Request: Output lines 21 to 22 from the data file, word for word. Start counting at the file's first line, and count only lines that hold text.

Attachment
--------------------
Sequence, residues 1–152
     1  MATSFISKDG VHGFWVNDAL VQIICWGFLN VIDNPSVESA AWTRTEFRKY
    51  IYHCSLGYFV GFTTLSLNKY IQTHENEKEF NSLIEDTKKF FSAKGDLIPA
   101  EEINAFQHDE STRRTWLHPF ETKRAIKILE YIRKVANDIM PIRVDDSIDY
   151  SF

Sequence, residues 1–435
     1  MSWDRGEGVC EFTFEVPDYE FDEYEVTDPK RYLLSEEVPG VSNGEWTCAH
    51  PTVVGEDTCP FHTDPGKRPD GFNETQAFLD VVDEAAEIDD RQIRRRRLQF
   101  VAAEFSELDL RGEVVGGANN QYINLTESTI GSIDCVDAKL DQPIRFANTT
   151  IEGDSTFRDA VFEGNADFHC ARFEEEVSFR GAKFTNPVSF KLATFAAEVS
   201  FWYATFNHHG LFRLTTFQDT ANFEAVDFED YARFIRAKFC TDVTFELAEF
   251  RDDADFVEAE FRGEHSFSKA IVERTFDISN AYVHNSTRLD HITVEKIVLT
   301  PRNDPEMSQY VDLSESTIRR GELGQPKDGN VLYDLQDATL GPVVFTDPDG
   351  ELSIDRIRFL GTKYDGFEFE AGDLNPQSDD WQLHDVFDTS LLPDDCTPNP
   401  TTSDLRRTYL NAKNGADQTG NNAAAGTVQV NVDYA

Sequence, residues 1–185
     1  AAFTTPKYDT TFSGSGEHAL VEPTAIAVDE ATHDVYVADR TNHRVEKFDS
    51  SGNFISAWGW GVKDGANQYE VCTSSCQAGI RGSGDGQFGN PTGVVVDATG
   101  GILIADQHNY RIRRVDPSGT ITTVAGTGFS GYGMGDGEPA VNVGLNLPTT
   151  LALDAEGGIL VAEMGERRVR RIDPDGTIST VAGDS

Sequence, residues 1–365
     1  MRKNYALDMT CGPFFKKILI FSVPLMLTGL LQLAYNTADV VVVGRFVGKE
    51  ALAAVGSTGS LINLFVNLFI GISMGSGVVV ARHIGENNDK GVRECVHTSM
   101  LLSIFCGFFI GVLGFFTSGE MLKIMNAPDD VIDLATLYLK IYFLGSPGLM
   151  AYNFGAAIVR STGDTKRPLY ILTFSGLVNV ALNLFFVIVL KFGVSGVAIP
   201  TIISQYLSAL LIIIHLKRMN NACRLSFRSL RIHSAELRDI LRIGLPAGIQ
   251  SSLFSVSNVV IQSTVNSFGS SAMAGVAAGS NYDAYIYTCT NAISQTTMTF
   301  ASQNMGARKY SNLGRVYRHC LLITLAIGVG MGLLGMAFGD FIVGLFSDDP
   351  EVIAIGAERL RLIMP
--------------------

Sequence, residues 1–365
     1  MRKNYALDMT CGPFFKKILI FSVPLMLTGL LQLAYNTADV VVVGRFVGKE